Do Cities Bring High Speed Rail Within Reach?

A couple of weeks ago, we cited a fantastic (and sadly, entirely fictional) map made by Alfred Twu as a potential catalyst for High Speed Rail in the U.S. The map oozes ambitions for a hyper-connected continent, and builds on many of the more realistic proposals for High-Speed Rail that were put forth over the course of the past few years. In doing this, the map blended the craft of mapmaking with a sense of urgency, as well as a keen awareness of where the debate on High Speed Rail stands in America today.

But since we’ve given the map enough praise in our previous coverage, let’s look ahead and ask ourselves the question how likely it would be that every “dot” in America is going to be connected by High-Speed Rail in the next decade or two. A lot of people may raise the question whether it is even something that the nation should strive for, and rightly so— many parts of the US simply don’t have the population density to support High-Speed Rail, and in some areas the distances between cities can be so vast that flying actually does make more sense. After all, you don’t hear about the many rural regions in Germany or France that do not have High Speed Rail.A quick look at an actual map of the High-Speed Rail networks in these two countries reveals how much of an “urban” phenomenon the national High-Speed Rail networks in these countries is.

 

streckennetz-frankreich (1)

France’s High Speed Rail network (click for larger image). Source: Hochgeschwindigkeitszuege.com.

 

One thing that stands out when we look at the High-Speed Rail maps of France and Germany is all the voids in its coverage. Compared to conventional national and regional rail networks, the High-Speed Rail networks depicted above appear quite sparse. It’s no secret in Europe that High Speed Rail systems are highly selective in which cities they connect.

 

streckennetz-deutschland

Germany’s High Speed Rail network (click for larger image). Source: Hochgeschwindigkeitszuege.com.

 

In Germany, the network connects all of the nation’s largest cities to each other, whilst in France, the motive appears to have been to connect cities in outlying regions to the capital, Paris. This difference in the mentality behind High-Speed Rail implementation in both countries has led to two different types of networks:the “hub and spoke” model of France, with Paris being a hub from which the spokes radiate outwards, and the more interconnected model we find in Germany. This difference is rooted in the respective cultures of the two countries, with centralist-leaning France having been primarily oriented towards Paris for centuries, whilst federal Germany has a more diffused and regionalized identity (but that’s a story for another time).

Whilst perhaps not connecting all parts of these countries, it was clear from the onset that this wasn’t the purpose of the networks. Zooming in on Germany, High-Speed Rail derives its uniqueness from connecting larger cities in relative proximity. On the so-called “mid-range distances”, going beyond the smaller distances (for which conventional regional rail service is adequate in Germany) but not quite replacing the long-distance flight, the High-Speed Rail has a distinct competitive advantage. A rule of thumb in Europe is that, if you’re planning on flying somewhere that’s less than 1,000  kilometers (approx. 620 miles) away, you should consider any High-Speed Rail alternatives available. The competitive advantage comes from the fact that trains take you directly from city to city—avoiding an additional trip to the (often outlying) airports at both ends of the trip, and saving travellers the hassle of checking in your luggage, going through security, and waiting at the gate.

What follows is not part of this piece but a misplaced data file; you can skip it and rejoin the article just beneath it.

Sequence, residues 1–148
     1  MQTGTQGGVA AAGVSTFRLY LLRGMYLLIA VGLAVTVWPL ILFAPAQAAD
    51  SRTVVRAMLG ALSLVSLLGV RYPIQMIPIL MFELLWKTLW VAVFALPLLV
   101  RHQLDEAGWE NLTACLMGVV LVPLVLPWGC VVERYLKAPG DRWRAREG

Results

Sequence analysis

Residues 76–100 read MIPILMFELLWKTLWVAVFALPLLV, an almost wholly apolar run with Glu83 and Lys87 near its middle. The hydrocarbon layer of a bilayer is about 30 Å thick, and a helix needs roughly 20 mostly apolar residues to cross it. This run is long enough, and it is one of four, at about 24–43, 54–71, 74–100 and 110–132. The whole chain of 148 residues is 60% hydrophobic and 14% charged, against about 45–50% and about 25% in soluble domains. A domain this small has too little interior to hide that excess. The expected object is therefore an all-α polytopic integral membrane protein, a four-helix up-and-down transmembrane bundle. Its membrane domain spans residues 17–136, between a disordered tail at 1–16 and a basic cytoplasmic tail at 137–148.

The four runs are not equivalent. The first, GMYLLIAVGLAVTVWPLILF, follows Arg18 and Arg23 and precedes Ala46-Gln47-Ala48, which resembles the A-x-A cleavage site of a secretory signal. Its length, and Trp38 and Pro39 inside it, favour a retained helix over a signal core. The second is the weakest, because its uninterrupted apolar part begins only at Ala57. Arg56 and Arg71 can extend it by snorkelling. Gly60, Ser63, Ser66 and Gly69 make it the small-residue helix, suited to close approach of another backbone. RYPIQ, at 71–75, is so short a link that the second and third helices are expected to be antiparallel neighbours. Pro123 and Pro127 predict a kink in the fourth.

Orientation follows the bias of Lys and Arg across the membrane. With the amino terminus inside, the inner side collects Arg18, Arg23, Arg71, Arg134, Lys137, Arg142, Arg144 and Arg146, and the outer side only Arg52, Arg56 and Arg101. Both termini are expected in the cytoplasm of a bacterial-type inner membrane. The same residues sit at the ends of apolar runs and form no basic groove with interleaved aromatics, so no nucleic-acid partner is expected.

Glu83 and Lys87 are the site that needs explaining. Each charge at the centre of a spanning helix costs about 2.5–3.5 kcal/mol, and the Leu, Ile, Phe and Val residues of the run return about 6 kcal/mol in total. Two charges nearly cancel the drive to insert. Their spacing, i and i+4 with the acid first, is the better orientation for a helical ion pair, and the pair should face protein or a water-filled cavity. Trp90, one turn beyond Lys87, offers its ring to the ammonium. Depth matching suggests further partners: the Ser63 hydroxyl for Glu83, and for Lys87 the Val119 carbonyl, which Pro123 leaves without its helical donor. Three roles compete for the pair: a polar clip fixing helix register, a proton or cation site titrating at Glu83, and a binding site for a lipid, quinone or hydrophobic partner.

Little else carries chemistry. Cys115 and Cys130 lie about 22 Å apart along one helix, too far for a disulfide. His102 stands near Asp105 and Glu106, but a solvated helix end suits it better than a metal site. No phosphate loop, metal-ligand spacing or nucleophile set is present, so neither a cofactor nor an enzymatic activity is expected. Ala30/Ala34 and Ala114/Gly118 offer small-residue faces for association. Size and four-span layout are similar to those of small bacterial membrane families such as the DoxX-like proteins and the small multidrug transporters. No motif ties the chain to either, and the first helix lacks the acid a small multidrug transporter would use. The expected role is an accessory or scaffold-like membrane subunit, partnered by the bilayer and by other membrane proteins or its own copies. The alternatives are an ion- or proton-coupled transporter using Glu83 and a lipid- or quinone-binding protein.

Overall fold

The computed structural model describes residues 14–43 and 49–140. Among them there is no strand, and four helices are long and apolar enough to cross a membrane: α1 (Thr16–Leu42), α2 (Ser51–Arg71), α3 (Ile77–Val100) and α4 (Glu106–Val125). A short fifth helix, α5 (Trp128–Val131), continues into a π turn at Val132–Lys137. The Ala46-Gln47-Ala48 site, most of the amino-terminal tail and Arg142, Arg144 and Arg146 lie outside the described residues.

A study released by the Brookings Institution’s Metropolitan Policy Program published this month echoed the approach to High Speed Rail we’ve seen in Europe. Looking at Amtrak ridership levels, the study found that the U.S. is currently in the midst of a “passenger rail renaissance”, with ridership levels currently at a record high, and growing rapidly. Impressively, Amtrak ridership has increased by 55% between 1995 and 2012, more than the rates of population growth (17.1%) or economic growth (37.2%, and defined as the growth of the real gross domestic product) during the same period. With new ridership records being set for nine out of the past ten years, there is a reasonable expectation that the growth in ridership isn’t going to end anytime soon.

Perhaps more intriguingly, the research showed that the 100 largest metropolitan areas have been responsible for this trend. Adding to the perception that High-Speed Rail is an urban phenomenon is the fact that the ten largest metropolitan areas have spawned nearly two-thirds of total Amtrak riders.

As ridership continues to grow at record-breaking speeds State-side, the nation’s largest cities have already positioned themselves as prime candidates for a substantial upgrade in passenger rail service. If people could vote with their money, the continued support for rail service from travellers from the largest metropolitan areas shows that these riders aren’t going to disappear, and would likely benefit from the enhanced connectivity that High-Speed Rail would bring to their cities. The tireless growth that characterizes passenger rail today should also encourage investments in enhanced rail service, if Amtrak isn’t to become a victim of their own success. With a proven track record in Europe as an efficient and competitive mode of travel for mid-range distances, and surging passenger rail ridership radiating out from America’s largest cities, the Brookings Institution’s publication could really help make the case for High Speed Rail in (urbanized) America.

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